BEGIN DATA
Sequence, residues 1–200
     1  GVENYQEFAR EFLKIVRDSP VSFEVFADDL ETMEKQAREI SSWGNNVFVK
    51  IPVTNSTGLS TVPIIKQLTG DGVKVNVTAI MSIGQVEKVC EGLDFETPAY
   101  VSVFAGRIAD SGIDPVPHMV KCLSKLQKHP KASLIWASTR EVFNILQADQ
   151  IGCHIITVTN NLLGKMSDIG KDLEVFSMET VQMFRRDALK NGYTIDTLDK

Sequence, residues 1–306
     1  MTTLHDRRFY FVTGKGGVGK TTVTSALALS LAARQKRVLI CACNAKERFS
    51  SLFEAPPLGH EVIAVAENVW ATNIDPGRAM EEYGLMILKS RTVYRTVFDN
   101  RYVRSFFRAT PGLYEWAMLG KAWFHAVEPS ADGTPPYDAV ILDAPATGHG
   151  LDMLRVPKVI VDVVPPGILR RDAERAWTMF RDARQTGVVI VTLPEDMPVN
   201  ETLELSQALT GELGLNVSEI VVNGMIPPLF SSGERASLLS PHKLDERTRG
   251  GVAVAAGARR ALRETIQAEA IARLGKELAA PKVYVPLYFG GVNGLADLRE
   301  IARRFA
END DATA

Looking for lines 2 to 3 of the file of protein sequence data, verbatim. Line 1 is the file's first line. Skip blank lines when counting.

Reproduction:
     1  GVENYQEFAR EFLKIVRDSP VSFEVFADDL ETMEKQAREI SSWGNNVFVK
    51  IPVTNSTGLS TVPIIKQLTG DGVKVNVTAI MSIGQVEKVC EGLDFETPAY